DaVaris Daniels, Ricardo Allen

Mailbag! (Angry villagers and ASU edition)

30 Comments

Without further ado, this week’s mailbag.

rossumnminor: Keith is this a second chance and sort of a good thing that OU and ASU are very similar across the board? I.e. another week of similar preparation?

Let’s start this off with a football question. Well done, Rossumn! If you’re looking to actually think about Xs and Os and not complain about playcalling, effort, the alma mater, and all the other garbage that bubbles to the top after a two-loss month, this is a great place to start.

There are a ton of similarities between ASU and OU, though I’d give the edge personnel wise to Oklahoma, though Taylor Kelly might be the best quarterback Notre Dame faces all season. That said, both defenses are built around pressure schemes and work from a 3-3-5, and Notre Dame will once again be seeing a lot of man coverage.

(Speaking of that…)

dudeacow: What happened to Daniels? After a phenomenal start he had a horrendous day vs MSU and was a no-show vs the Sooners. Same thing with Niklas. Where has our receiving corps gone?

It’s times like these where we’re reminded that Daniels is still a relative newbie out there, even though he’s in his third year of the program. There’s no doubt the talent is there to be a productive college wide receiver. But Brian Kelly was candid in his assessment of Daniels, who disappeared at times against both Michigan State and Oklahoma, when he said Daniels needed to do the ordinary things better.

As for Niklas, don’t expect to see numbers like the ones Tyler Eifert put up. Niklas is a valuable cog in the Irish blocking scheme, and while Ben Koyack played a much better game last week, Niklas is too big of a body to not spend a good portion of his time blocking in the running game.

blackirish23: Job vacancies at places such as USC always has a domino effect. Any predictions where some of those dominos may fall, and will some of those pieces be from our coaching staff? I.E. Have you started hearing any rumors?

I am curious to see if Mack Brown survives the season at Texas. Deloss Dodds announcing his retirement makes you wonder if he’ll make one last big decision before saying goodbye. But unlike last year, I don’t think anybody’s star is on the rise like it was for Bob Diaco or Chuck Martin.

Could UConn target a guy like Bob Diaco? Maybe. They terminated Paul Pasqualoni in the wake of Kiffin’s firing. Diaco is a native of the northeast, is a young and charismatic guy (as opposed to Pasqualoni, who was a head-scratching hire), so who knows?

But I have a feeling the Irish will be working with the same staff in ’14 as they are this season.

jerseyirish10: Keith, with your recent article, including the analysis, of the empty set with Tommy Rees, why is BK continuing to use this formation? Clearly, Golson had/has the tools to extend those plays because of the threat to run or pass. As the head coach and OC, why aren’t he and Martin tossing this out and sticking to what Tommy can do? Combined with a stronger conviction to the running game, wouldn’t that provide the more balanced offense and focus on everyone’s strengths?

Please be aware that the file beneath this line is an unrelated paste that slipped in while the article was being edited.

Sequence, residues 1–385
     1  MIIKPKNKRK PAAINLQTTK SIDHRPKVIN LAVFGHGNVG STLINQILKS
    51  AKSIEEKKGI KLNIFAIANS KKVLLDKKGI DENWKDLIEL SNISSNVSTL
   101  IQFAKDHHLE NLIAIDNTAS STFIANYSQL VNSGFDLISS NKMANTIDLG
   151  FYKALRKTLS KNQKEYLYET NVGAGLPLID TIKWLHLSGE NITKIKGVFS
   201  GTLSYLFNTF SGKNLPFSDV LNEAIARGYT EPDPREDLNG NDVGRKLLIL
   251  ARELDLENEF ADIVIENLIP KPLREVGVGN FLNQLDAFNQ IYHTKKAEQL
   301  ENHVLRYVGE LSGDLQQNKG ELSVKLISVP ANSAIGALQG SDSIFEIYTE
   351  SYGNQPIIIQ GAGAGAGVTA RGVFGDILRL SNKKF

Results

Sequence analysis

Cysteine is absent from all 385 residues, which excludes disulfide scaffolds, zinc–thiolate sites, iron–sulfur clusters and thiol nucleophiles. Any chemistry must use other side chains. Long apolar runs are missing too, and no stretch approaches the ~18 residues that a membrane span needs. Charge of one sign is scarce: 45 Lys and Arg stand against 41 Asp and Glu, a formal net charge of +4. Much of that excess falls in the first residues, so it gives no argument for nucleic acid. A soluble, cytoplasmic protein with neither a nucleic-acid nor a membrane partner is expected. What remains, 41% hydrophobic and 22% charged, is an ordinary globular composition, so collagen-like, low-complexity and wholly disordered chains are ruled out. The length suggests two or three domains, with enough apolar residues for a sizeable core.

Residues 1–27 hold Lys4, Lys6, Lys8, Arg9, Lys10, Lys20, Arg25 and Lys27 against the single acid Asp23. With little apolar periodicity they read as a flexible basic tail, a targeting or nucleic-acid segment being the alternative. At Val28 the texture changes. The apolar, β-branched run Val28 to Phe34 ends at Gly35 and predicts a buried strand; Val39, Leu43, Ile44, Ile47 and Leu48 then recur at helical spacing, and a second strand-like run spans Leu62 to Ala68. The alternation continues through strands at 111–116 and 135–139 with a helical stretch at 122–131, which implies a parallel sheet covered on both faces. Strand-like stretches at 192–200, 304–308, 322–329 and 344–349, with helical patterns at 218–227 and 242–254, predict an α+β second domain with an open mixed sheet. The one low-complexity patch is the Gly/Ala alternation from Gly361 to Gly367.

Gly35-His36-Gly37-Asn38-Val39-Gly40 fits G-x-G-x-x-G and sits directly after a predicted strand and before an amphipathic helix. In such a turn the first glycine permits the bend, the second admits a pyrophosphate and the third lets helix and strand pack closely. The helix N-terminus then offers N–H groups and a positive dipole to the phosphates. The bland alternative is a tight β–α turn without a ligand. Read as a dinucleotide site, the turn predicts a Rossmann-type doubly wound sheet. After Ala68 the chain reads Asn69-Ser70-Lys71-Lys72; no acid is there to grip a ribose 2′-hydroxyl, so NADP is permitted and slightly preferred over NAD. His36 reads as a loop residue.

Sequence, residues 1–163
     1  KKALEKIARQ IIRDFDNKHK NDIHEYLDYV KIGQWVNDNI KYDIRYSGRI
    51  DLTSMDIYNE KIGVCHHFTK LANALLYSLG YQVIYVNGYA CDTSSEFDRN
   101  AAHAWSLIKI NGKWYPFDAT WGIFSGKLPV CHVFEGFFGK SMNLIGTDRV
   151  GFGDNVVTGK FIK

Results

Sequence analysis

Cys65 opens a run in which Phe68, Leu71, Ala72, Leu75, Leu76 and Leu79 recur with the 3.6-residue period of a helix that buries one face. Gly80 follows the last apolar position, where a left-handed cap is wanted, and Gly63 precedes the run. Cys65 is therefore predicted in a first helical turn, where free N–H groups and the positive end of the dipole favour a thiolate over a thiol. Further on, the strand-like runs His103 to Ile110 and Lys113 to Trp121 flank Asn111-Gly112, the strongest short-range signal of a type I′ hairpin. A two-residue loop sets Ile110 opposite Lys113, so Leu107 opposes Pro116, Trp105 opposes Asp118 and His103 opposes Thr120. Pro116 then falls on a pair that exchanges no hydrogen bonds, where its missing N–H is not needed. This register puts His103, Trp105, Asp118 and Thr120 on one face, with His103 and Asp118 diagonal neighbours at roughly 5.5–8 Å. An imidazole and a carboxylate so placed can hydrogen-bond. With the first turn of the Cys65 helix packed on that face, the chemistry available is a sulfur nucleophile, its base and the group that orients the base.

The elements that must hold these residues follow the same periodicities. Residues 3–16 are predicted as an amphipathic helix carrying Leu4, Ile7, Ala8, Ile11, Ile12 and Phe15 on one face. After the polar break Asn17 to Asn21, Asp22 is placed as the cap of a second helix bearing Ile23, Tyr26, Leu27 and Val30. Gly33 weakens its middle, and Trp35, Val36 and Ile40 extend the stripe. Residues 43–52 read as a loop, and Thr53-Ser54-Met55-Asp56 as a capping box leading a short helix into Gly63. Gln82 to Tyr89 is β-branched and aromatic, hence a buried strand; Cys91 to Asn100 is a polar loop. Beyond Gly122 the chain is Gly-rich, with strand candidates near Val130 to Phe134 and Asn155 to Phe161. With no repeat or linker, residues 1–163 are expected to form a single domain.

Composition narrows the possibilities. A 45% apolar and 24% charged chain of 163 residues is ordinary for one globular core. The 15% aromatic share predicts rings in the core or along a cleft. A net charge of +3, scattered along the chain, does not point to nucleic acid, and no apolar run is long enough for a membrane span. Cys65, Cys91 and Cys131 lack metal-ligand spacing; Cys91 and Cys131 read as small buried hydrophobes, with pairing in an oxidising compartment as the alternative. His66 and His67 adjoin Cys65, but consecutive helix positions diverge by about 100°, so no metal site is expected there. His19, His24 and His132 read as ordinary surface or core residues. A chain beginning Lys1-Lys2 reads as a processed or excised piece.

I feel like I answered this question yesterday. I don’t necessarily think the no-back formation should be thrown in the dumpster, but it certainly shouldn’t be one of the Irish’s most utilized formations.

ndlv: I know that Jaylon Smith is a little bit small, but he has the talent to play any of the LB positions. Why not move him inside and replace him on the outside with a safety like Shumate or Redfield (as they used to do with Slaughter)? This would get more speed and talent on the field. Grace, Fox, and Carlo may have the size for the middle, but they clearly don’t have the speed.

On paper, a move like this makes sense. And perhaps it could be a spring adjustment, because life after Louis Nix could be downright scary at the nose tackle position. But just assuming a linebacker like Smith can succeed inside and a safety has the tools to play outside linebacker is risky business. The last time Notre Dame tried something like that, converted running back Travis Thomas tried to play on the edge of the defense at 220-pounds, and Jon Tenuta’s boys looked like a roller derby team out there.

Getting speed on the field makes sense, especially against spread teams that move quickly. But you don’t hear fans calling for Stanford to swap out their big bodies and stout front line because they can’t run as fast as other defenses. Playing the scheme correctly — like Notre Dame did last year — is a big part of the formula.

a. papadec: Will the pessimistic fans ever shut up?
b. dickasman: Will the optimistic fans (shut up)?
c. c4evr: Will all the level headed, logic driven, reasonable people ever contribute?

a. Of course they won’t. You’ve got to blame somebody.
b. I wouldn’t expect it. You’ve got to have faith.
c. Please don’t leave us. It’s already so lonely.

chadwalters425: Why do you think Notre Dame’s fans are quick to sell their tickets against big game opponents (like Oklahoma this year or Nebraska in 2000) while other schools show solidarity and don’t appear to sell tickets to opposing fans in similar games (see SEC or UGA @ Clemson) in significant numbers? Or am I just biased?

You are biased. Unless you watch a whole lot more football than I do, and keep your eye on StubHub or the secondary ticket market on a daily basis, this seems to be one of those prime examples of Notre Dame fans only griping about what’s in front of them.